The Phil Lynott statue was unveiled in Dublin's famous Temple Bar on the 19th of August 2005.
Phil Lynott was born Philip Parris Lynott in West Bromwich, England on the 20th of August 1949. His mother was an Irish woman, Philomena Lynott, and his father was Cecil Parris, from British Guiana. When he was 8 years old, Phil was sent to live with his grandparents in Crumlin, Dublin. In 1965, Phil joined his first band. They were called The Black Eagles. 3 year later, he and Brush Sheilds formed the back, Skid Row. This would be Phil's first time to sign with a manager, this was Ted Carroll, the same man who would later manager Thin Lizzy. Due to problems with his tonsils, Phil took a break from the band, during which time he was replaced as frontman. While recouperating, he learned how to play bass guitar. The next band that Phil Lynott joined was the short lived, Orphanage.
In 1969 Phil Lynott formed the band Thin Lizzy along with Brian Downey, Eric Bell, and Eric Wrixon, though Wrixon left shortly after the band released their first single. The band would go on to achieve huge success, with hits such as Jailbreak, Whiskey in the Jar, and The Boys are Back in Town. The band saw a number of member changes and switches, with Phil Lynott always remaining as the enigmatic frontman. As drug abuse became a problem, the band began to fall apart, ultimately disbanding in 1983. Phil was becoming increasingly dependent upon drugs, which caused tensions in the band and began to adversely affect his health.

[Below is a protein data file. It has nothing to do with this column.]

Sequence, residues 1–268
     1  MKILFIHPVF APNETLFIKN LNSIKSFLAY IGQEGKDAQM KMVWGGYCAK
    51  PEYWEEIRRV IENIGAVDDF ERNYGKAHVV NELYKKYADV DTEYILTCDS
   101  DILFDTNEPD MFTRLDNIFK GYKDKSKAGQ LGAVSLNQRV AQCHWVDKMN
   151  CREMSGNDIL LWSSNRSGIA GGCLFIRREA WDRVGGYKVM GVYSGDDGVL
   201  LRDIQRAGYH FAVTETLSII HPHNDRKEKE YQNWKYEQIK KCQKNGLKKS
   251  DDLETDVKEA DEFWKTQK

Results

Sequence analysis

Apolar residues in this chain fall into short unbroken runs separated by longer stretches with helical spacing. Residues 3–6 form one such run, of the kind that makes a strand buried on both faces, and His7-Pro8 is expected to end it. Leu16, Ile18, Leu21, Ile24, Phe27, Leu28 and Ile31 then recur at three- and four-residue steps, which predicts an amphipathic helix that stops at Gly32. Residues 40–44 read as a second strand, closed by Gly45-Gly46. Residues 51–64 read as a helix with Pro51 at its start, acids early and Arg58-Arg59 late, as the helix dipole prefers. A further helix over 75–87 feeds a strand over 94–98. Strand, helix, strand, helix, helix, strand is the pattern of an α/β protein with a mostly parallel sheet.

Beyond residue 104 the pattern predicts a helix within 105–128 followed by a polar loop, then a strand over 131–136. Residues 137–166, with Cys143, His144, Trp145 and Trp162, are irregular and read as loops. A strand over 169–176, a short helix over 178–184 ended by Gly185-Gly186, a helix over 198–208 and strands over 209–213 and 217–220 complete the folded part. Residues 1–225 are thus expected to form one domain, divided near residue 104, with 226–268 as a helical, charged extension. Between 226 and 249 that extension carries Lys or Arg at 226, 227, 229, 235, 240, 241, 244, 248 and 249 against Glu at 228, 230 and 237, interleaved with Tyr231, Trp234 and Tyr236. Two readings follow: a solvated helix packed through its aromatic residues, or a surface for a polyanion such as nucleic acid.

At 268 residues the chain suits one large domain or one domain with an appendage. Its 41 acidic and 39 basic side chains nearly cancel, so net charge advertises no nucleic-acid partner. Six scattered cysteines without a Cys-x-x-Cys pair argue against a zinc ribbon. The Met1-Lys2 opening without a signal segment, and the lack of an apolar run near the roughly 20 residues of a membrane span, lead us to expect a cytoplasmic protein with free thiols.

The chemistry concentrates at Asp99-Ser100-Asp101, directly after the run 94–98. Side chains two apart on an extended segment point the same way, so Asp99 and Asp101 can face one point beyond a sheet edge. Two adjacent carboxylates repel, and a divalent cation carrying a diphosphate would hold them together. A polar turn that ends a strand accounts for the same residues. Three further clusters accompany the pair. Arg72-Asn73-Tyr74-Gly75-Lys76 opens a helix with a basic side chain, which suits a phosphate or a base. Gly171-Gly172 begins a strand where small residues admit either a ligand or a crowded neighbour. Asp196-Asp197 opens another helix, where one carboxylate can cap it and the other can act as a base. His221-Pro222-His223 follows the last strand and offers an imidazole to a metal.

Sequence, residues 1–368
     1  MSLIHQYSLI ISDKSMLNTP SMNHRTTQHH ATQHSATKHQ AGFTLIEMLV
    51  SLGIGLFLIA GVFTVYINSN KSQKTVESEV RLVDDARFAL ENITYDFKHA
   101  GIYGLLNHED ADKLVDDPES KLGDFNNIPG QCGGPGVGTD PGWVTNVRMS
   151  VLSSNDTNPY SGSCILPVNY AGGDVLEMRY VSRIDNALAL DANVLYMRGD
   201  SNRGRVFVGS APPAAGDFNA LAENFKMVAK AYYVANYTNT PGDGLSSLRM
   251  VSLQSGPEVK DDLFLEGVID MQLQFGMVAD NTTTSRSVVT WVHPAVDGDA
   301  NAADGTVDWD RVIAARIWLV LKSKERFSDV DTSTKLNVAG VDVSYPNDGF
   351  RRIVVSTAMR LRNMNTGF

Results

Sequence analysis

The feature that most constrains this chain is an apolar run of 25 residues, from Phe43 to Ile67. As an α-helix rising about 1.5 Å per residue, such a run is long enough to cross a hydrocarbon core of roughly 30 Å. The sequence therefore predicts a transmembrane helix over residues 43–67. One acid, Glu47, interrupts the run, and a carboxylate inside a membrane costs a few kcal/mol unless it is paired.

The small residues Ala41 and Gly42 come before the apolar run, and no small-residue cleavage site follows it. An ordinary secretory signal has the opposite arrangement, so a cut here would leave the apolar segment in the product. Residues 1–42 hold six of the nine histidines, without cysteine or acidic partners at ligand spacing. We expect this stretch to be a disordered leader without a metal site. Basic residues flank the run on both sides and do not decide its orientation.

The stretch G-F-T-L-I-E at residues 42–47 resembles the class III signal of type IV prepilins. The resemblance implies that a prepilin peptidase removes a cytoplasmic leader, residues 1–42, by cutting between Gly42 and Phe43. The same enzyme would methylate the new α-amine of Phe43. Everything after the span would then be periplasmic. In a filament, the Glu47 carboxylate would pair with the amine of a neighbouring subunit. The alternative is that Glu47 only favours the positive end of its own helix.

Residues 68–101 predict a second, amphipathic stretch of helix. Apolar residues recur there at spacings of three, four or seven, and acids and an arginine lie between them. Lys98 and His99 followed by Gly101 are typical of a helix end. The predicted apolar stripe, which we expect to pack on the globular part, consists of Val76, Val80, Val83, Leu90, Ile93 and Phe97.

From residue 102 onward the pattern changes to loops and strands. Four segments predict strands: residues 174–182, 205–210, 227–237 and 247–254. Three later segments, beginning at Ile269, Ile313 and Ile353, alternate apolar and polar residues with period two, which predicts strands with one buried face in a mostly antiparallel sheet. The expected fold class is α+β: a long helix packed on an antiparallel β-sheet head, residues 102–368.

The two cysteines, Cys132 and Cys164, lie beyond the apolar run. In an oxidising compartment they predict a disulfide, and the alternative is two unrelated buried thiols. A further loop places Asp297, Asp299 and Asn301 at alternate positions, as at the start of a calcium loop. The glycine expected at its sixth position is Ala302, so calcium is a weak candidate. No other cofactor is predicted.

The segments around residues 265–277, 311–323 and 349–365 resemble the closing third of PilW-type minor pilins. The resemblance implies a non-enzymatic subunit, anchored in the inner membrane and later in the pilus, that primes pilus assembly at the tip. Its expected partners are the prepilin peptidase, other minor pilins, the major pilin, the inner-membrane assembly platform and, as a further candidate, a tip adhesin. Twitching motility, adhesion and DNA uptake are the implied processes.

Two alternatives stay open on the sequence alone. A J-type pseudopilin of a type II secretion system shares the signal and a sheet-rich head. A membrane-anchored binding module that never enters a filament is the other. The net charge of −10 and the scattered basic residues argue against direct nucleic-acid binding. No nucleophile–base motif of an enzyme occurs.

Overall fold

Phil Lynott was married to Caroline Crowther with whom he had 2 daughters, Sarah and Cathleen. He also had a son 10 years earlier who had been given up for adoption, but was reunited with his paternal grandmother in 2003.
On Christmas Day 1985, Phil Lynott collapsed and was brought to the Salsibury Infirmary. He was suffering from septicaemia, and later pneumonia. This was a result of his drug use. On the 4th of January 1986, Phil Lynott lost his fight for life and passed away in an intensive care unit. He was 36 years old.
Today, Phil Lynott is remembered for his captivating stage presence and his wonderful music, which continues to be extremely popular. He is commemorated by a statue in Dublin's Temple Bar, where his songs can often be heard from the speakers of the surrounding pubs.
|RTÉ archival footage of unveiling||Ireland||VIEW SOURCE|